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Some new paths to turn "lazy cash" into productive capital

Published on   May 7th, 2020   |   by   Isaah Mhlanga

Some new paths to turn

Looking at investments during the Covid-19 pandemic is so difficult that some have opted to park funds in cash.

This may appear to be a good strategy for investors that needed liquidity as economies went into a hard lockdown across the world. However, with some countries starting to open their economies this cash needs to be carefully deployed in higher-return assets, otherwise it may end up as “lazy cash”, especially given the decline in central bank policy rates across the world.

It is clear that when Covid-19 passes we will inherit a completely different world and economy. Deficiencies in crucial sectors are making countries look increasingly inward at what they call import substitution policies. Few countries have the necessary prerequisites to effect this, at least in the short-term. What this means is that the transformation of economies into what they will look like in future will take some time.

From an investment perspective this transformation over the next few years means there will be winners and losers across countries, sectors, companies and individuals. The contraction in economic growth along with liquidations and insolvencies of companies will give rise to new industries and new opportunities. It is these opportunities that investors should search for, making sure that where liquidity is not a problem the “lazy cash” is put to use.

The risks to the global economy due to Covid-19 are still enormous, since no-one knows how the health disaster will unfold. However, there are interesting developments taking place. Several economies have started to gradually open up after the panic hard lockdowns that took place since February this year. This suggests there is a realisation that Covid-19 will be with us for some time, and the economy cannot remain closed as it will destroy the livelihoods of the healthy population.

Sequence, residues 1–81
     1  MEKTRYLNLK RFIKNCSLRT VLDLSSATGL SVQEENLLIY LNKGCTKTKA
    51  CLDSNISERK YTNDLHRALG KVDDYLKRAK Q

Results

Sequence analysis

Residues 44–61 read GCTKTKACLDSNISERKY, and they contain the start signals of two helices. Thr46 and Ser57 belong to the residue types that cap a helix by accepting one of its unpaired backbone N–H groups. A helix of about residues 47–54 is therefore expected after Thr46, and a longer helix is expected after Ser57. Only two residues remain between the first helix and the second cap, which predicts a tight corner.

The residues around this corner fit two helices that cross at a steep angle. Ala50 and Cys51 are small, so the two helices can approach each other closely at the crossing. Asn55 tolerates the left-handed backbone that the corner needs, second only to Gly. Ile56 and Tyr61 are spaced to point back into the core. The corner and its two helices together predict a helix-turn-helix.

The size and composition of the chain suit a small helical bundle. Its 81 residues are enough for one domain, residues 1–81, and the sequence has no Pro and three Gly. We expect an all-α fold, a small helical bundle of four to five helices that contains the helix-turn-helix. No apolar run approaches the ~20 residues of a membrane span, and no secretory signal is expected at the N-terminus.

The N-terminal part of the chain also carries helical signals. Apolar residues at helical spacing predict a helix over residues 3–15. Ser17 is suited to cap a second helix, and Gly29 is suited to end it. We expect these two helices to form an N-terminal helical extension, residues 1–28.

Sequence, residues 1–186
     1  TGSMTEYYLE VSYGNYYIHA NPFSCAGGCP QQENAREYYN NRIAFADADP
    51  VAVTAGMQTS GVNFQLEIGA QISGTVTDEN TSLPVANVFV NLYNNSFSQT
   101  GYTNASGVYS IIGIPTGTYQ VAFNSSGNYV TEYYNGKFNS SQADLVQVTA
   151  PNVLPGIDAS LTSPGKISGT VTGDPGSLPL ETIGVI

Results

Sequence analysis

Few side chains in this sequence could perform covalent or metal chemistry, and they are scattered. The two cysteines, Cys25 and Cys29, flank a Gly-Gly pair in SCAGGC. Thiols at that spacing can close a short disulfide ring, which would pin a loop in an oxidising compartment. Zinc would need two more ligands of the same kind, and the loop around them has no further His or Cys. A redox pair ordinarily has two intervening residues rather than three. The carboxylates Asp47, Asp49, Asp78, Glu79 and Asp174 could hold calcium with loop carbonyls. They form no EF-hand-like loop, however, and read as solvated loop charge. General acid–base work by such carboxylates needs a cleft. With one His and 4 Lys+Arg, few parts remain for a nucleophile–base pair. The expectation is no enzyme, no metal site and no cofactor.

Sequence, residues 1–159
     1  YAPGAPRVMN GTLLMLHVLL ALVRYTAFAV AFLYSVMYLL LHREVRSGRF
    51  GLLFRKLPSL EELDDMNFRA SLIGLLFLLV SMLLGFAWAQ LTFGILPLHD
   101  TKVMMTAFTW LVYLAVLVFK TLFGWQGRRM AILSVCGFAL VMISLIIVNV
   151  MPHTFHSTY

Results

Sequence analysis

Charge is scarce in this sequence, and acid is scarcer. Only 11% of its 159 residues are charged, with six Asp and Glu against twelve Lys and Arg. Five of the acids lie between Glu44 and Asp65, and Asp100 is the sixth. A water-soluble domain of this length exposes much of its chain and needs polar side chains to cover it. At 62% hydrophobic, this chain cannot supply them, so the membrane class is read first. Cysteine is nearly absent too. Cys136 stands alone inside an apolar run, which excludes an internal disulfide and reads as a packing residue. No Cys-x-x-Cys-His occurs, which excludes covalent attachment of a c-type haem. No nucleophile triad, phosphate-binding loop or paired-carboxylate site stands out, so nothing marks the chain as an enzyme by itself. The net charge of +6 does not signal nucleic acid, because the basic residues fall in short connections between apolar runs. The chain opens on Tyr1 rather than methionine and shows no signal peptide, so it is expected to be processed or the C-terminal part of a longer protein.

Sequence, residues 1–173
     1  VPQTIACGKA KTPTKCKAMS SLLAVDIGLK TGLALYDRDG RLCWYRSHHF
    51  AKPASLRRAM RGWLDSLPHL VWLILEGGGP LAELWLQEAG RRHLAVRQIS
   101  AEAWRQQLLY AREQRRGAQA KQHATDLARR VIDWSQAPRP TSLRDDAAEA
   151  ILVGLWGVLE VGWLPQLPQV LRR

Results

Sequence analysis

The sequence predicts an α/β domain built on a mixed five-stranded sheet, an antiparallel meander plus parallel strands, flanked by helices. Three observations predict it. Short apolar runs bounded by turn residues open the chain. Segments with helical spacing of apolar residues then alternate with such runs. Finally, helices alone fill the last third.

Markets have responded positively to the tentative opening up of economies, with the US S&P 500 returns at 12.8% and brent crude oil up by 11% in April compared to the previous month. Global equities have generally risen across most countries, taking direction from policymakers. Some sceptics say this could be a dead cat bounce, where markets recover only to fall again. I am not in that camp for two reasons.

First, we learnt from the 2008 global financial crisis that it doesn’t help to bet against policymakers. Those who bet against the Fed’s quantitative easing and the European Central Banks’ “whatever it takes”, did not win. Second, one could say central banks were the only game in town to salvage the economies in the previous crisis.

This time it’s different. The political consequences of failing to reinvigorate growth and employment are huge, and there is the political will to create growth, even if it means printing money, as the Bank of England is now doing. In addition to political will, both monetary policies and fiscal policies mean all hands on deck, in unprecedented fashion. It is then not a plausible strategy to bet against the politician who wants to win the next election, a central banker who wants to revive inflation who is threatened by the possibility of deflation, and a government determined to preserve jobs.

Given the above, the rebound in markets in the past month is not a sugar rush, it’s a reading of the market that the stimulus will finally find its way into the economy, and that the likely morbidity of Covid-19 was overestimated in some countries.

So where can one find opportunities to deploy “lazy cash”? Broadly, sectors that accommodate social distancing will fare better than those that encourage proximate interactions. Selective high yield, investment-grade credit and emerging markets’ dollar-denominated debt still offer better value than lazy cash.